Porsche 911 Carrera 4S
PLEASE BE ADVISED that the weather forecast for Austria is pretty poor. Snow is expected, so we’ll have the opportunity to test the all-wheel drive system to the max! These are the parting words from our South African liaison at Porsche as we head off to test the latest iterations of 911 the Carrera 4 and 4S Coupe and Cabriolet. As a sunny South African, my experience of snow driving is limited to burying WRC cars into snow banks on the PlayStation. Not entirely relevant as I’m unlikely to find a reset switch amongst the Porsche’s multi-button centre stack (Note to Porsche engineers: this would be a useful invention) In any event, this was going to be a memorable drive.
Sure enough, we were surrounded by the white stuff as we stepped out towards our 3.8-litre flat-six, 294kW, 440Nm, double-clutch 4S chariot. By contrast, the Carrera 4 makes do with 257kW and 390Nm from its smaller 3.4-litre flat-six. Wary of the treacherous conditions that lay in wait, I was quietly content that I had the paddle-shift PDK version at hand. The last thing you want when you’re mid-way through a loss-of-grip moment is to be minus one hand while fiddling for a gear change. Anyway, the PDK variant has a faster sprint time and returns slightly better fuel economy than the seven-speed manual.
The conditions for the first stint of the 200km round trip were quite agreeable, the road surface a little wet but there was no sign of the dreaded black ice. Taking the opportunity to get a feel for the 4S, I pushed the sports exhaust button and engaged Sport Plus mode (available only with the optional Sport Chrono package), thereby putting the car in full attack mode before opening the taps. Winding my way to the foothills of the Alps, the nostalgic beat of the flat-six purred away until the opportunity arose to unleash the throttle. The exhaust flaps bark into life, releasing a crisp, linear and wholly erotic rasp, egging me on to go faster.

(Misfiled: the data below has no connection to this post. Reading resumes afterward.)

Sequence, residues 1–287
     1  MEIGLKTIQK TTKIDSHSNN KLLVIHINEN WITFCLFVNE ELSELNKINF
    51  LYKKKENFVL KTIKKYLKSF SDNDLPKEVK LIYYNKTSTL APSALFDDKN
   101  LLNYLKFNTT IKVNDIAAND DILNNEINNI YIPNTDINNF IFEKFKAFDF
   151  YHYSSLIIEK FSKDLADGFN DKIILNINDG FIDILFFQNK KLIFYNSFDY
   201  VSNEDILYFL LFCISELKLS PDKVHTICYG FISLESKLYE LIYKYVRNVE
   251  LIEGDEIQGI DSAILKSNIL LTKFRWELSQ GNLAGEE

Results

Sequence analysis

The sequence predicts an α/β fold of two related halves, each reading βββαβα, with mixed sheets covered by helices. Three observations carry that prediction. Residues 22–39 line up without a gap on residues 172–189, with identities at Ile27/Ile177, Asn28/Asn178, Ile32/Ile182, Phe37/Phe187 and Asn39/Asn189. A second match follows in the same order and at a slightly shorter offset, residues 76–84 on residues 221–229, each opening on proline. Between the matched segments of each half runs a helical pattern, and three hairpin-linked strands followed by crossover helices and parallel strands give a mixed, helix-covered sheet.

The 4S is 44mm wider than its two-wheel drive Carrera 4 sibling and has 10mm wider wheels to boot. The 4S’s all-wheel drive is aided by Porsche’s Traction Management system, which distributes drive between the front and rear wheels (in less than a tenth of a second!) depending on where the system feels it will be most beneficial. A display within the instrument cluster shows where the drive is being apportioned in real time.
Reveling in the extra grip the all-wheel drive was giving me, I continued to push in the drier sections. The electric-assisted steering that has been a hot topic on this new 991 derivative is nicely weighted and provides direct and precise turn-in. Flicking from corner to corner is where the Porsche really excels; it feels light on its feet like a track athlete in peak physical fitness. With most of the drive sent to the rear, you get the feeling the 4S turns from the hips, the whole car darting in and out of corners. It develops a fantastic rhythm and I feel secure at the wheel, the fun factor reaching sky high.
Into the Alps where overnight snow weighs heavily on the thousands of pine trees flanking the tight mountain passes. Every so often the burden of snow proves too much for the wilting branches and a dollop would drop onto the road, seemingly deliberately landing on my chosen apex point. This is when it starts to get hair raising, even with the winter spec tyres that had been fitted. At some points I was expecting to plough straight on into a white fluffy bank, and at others to have the tail whip around and hurtle me through someone’s white-coated hedgerow. But no, not even an inkling of such a misdeed, the Porsche proving to be reassuringly sure-footed. I’ve never been so glad to return a completely dent-free and shiny Carrera 4S.
Some people may argue that all-wheel drive is more of a gimmick than it is useful in everyday applications, but in regions like this where traction is subdued by nature, I can see why 34% of buyers of the previous generation of 911 opted for all-wheel drive.
NEED TO KNOW
PORSCHE 911 CARRERA 4S COUPE
ENGINE 3800cc, flat-six petrol, 294kW @ 7400rpm, 400Nm @ 5600rpm
TRANSMISSION Seven-speed double-clutch PDK, all-wheel drive
SUSPENSION MacPherson strut front, multi-link rear, adaptive damping all round
PERFORMANCE 4.1secs 0-100kph, 297kph top speed, 9.1/100km, 234g/km
ON SALE 2013